Director: Babak Anvari
Cast: Narges Rashidi, Bobby Naderi, Avin Manshadi
Running Time: 84 Minutes
Set to the backdrop of the Iran-Iraq war during the 1980’s, Babak Anvari’s Under the Shadow works to offer up much more than your average horror film. Taking a more mature route to its scare tactics, it opts to forgo the normal and deliver a more sophisticated scream fest for its viewers.
Anvari’s writing cannot be overlooked as it presents a unique story with a strong, driven female lead. Narges Rashidi plays Shideh, a woman who is hell-bent on going back to university for her doctorate. However, due to her past political activities, the university has denied her request for education. On the other side of the coin is Iraj, her husband. A doctor by trade, the two don’t always see eye-to-eye, causing friction in the household. But when Iraj is drafted, the two must put their odds at bay as Shideh refocuses her attention on their daughter Dorsa. Soon after Iraj leaves, strange and unexplainable things begin to happen, most of which revolve around Shideh and her doll.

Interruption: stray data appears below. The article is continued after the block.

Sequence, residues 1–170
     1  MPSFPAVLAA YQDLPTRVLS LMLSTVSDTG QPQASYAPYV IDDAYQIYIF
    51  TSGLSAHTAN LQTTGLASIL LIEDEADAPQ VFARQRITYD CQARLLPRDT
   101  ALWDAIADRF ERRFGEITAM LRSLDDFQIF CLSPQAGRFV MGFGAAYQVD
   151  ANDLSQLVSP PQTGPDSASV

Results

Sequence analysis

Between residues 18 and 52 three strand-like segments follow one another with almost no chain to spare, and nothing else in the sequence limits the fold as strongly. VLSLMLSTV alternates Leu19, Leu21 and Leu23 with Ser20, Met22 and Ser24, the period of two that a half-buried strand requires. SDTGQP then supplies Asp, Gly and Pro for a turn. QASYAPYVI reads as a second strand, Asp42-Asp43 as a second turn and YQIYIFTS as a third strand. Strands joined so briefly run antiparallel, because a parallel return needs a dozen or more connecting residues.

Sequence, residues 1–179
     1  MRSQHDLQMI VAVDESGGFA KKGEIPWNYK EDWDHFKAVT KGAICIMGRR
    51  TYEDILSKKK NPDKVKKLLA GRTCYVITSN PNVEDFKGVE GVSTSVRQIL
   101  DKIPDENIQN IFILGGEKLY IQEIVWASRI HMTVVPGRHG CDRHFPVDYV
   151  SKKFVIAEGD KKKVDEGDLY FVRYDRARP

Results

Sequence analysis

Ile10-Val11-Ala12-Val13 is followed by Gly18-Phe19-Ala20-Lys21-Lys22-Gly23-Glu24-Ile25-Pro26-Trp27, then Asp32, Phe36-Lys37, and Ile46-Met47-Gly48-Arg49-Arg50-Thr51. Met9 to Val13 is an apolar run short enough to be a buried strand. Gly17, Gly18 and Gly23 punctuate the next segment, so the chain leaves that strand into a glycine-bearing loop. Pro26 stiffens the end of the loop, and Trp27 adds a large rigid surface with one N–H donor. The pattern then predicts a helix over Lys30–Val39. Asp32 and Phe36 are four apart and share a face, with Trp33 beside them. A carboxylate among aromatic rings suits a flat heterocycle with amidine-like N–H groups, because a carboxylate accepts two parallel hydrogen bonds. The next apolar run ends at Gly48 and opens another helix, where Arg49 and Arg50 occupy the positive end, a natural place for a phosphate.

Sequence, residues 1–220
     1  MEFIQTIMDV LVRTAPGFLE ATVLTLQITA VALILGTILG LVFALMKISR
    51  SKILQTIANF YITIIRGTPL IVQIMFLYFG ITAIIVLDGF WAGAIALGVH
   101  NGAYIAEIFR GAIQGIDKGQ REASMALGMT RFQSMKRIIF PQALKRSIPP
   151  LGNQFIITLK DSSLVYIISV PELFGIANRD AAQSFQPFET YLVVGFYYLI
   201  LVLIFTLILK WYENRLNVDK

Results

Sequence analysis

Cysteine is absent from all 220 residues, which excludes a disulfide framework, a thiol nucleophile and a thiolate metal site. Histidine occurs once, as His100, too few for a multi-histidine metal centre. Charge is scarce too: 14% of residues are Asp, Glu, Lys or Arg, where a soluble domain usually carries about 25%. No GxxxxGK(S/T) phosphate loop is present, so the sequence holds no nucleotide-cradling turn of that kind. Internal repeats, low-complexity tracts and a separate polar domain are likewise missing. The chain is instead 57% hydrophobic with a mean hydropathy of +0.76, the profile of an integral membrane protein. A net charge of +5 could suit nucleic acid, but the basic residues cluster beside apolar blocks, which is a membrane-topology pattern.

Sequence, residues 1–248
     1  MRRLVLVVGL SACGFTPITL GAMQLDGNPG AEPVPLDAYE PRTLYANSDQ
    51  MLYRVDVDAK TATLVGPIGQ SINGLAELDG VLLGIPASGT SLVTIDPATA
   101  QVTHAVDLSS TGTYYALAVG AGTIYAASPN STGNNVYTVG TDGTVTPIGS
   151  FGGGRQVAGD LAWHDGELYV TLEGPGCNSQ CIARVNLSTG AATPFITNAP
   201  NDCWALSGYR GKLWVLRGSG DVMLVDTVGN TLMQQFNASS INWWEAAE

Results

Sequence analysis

If the battle between Iran and Iraq wasn’t enough, Shideh has another war waging inside due to the unequal opportunity for women. The title of the film represents a dual meaning: women being under the shadow of men and a mythical evil spirit known as djinn that haunts the apartment complex where our main protagonist resides. This is when the film is at its best, raising the feminist sentiments and having the djinn culminate the fear and anxiety that percolates down through Shideh’s veins. The only saving grace rests in Shideh’s workout videos. One can only imagine how bad it would be if she couldn’t work up a sweat with her prized Jane Fonda tapes.
Rashidi shines in the film, successfully creating a strong realistic character who will stop at nothing to overcome any obstacle that stands before her. I honestly felt like the film was stuck in a purgatory like state and slowly became more and more like Hell as the movie uncoiled. Under the Shadow beats all expectations and delivers a well crafted look into the psyche of a strong Farsi woman from Iran.